Usage:

import {ErrorBoundary} from 'voby';

const Fallback = ({ reset, error }: { reset: () => void, error: Error }) => {
  return (
    <>
      <p>Error: {error.message}</p>
      <button onClick={error}>Recover</button>
    </>
  );
};

const SomeComponentThatThrows = () => {
  throw 'whatever';
};

const App = () => {
  return (
    <ErrorBoundary fallback={Fallback}>
      <SomeComponentThatThrows />
    </ErrorBoundary>
  );
};

For

This component is the reactive alternative to natively mapping over an array.

It must be called with an array, or a function that returns an array, of unique values, and each of them are passed to the child function to render something.

Interface:

function For <T> ( props: { values: FunctionMaybe<T[]>, fallback?: JSX.Element, children: (( value: T ) => JSX.Element) }): ObservableReadonly<JSX.Element>;

Usage:

import {For} from 'voby';

const App = () => {
  const numbers = [1, 2, 3, 4, 5];
  return (
    <For values={numbers}>
      {( value ) => {
        return <p>Value: {value}</p>
      }}
    </For>
  );
};

Fragment

This is just the internal component used for rendering fragments: <></>, you probably would never use this directly even if you are not using JSX, since you can return plain arrays from your components anyway.

Interface:

function Fragment ( props: { children: JSX.Element }): JSX.Element;

Usage:

import {Fragment} from 'voby';

const App = () => {
  return (
    <Fragment>
      <p>child 1</p>
      <p>child 2</p>
    </Fragment>
  );
};

If

This component is the reactive alternative to the native if.

Interface:

function If ( props: { when: FunctionMaybe<unknown>, fallback?: JSX.Element, children: JSX.Element }): ObservableReadonly<JSX.Element>;

Usage:

import {If} from 'voby';

const App = () => {
  const visible = $(false);
  const toggle = () => visible ( !visible () );
  return (
    <>
      <button onClick={toggle}>Toggle</button>
      <If when={visible}>
        <p>Hello!</p>
      </If>
    </>
  );
};

Portal

This component mounts its children inside a provided DOM element, or inside document.body otherwise.

Events will propagate natively, according to the resulting DOM hierarchy, not the components hierarchy.

Interface:

function Portal ( props: { mount?: HTMLElement | null, children: JSX.Element }): (() => null) & ({ metadata: { portal: HTMLDivElement } });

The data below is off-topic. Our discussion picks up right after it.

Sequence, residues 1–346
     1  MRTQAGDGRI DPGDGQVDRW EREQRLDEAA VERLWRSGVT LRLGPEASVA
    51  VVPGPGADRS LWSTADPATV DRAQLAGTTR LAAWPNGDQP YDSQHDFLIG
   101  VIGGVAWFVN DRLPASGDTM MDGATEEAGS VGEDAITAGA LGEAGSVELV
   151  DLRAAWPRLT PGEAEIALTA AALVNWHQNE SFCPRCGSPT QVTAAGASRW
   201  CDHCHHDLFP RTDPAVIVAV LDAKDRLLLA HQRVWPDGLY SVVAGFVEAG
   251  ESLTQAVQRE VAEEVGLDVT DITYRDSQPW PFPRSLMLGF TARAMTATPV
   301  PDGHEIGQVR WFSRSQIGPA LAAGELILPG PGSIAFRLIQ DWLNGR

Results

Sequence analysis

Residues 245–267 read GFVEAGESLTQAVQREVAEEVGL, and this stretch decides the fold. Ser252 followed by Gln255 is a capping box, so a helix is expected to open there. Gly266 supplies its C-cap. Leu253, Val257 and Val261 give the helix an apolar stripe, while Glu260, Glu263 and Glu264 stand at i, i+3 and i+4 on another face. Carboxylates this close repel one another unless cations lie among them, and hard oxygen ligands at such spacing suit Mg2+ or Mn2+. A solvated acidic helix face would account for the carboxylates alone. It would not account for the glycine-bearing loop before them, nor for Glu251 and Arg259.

Usage:

import Portal from 'voby';

const Modal = () => {
  // Some modal component maybe...
};

const App = () => {
  return (
    <Portal mount={document.body}>
      <Modal />
    </Portal>
  );
};

Suspense

This component is like If, the reactive alternative to the native if, but both branches are kept alive under the hood at the same time, and the fallback branch is shown automatically while there are some resources loading in the main branch.

So this can be used to show some fallback content while the actual content is loading in the background.

This component relies on useResource to understand if there's a resource loading or not.

Interface:

function Suspense ( props: { fallback?: JSX.Element, children: JSX.Element }): ObservableReadonly<JSX.Element>;

Usage:

import {Suspense} from 'voby';

const App = () => {
  const Content = () => {
    const resource = useResource ( () => makeSomePromise () );
    return (
      <Show when={() => !resource ().loading && !resource ().error}>
        {resource ().value}
      </Show>
    );
  };
  const Spinner = () => {
    return <p>Loading...</p>;
  };
  return (
    <Suspense fallback={<Spinner />}>
      <Content />
    </Suspense>
  );
};

Switch

This component is the reactive alternative to the native switch.

Interface:

function Switch <T> ( props: { when: FunctionMaybe<T>, children: JSX.Element }): ObservableReadonly<JSX.Element>;

Switch.Case = function <T> ( props: { when: T, children: JSX.Element } ): (() => JSX.Element) & ({ metadata: [T, JSX.Element] });
Switch.Default = function ( props: { children: JSX.Element } ): (() => JSX.Element) & ({ metadata: [JSX.Element] });

Usage:

import {Switch} from 'voby';

const App = () => {
  const value = $(0);
  const increment = () => value ( value () + 1 );
  const decrement = () => value ( value () - 1 );
  return (
    <>
      <Switch when={value}>
        <Switch.Case when={0}>
          <p>0, the boundary between positives and negatives! (?)</p>
        </Switch.Case>
        <Switch.Case when={1}>
          <p>1, the multiplicative identity!</p>
        </Switch.Case>
        <Switch.Default>
          <p>{value}, I don't have anything interesting to say about that :(</p>
        </Switch.Default>
      </Switch>
      <button onClick={increment}>+</button>
      <button onClick={decrement}>-</button>
    </>
  );
};

Ternary

This component is the reactive alternative to the native ternary operator.

The first child will be rendered when the condition is truthy, otherwise the second child will be rendered.

Interface:

function Ternary ( props: { when: FunctionMaybe<unknown>, children: [JSX.Element, JSX.Element] } ): ObservableReadonly<JSX.Element>;

Usage:

import {Ternary} from 'voby';

const App = () => {
  const visible = $(false);
  const toggle = () => visible ( !visible () );
  return (
    <>
      <button onClick={toggle}>Toggle</button>
      <Ternary when={visible}>
        <p>Visible :)</p>
        <p>Invisible :(</p>
      </Ternary>
    </>
  );
};

Hooks

The following hooks are provided.

Many of these are just functions that oby provides, re-exported as use* functions, the rest are largely just alternatives to web built-ins that can also accept observables as arguments and can dispose of themselves automatically when the parent computation is disposed.

Hooks are just regular functions, if their name starts with use then we call them hooks just because.

useAbortController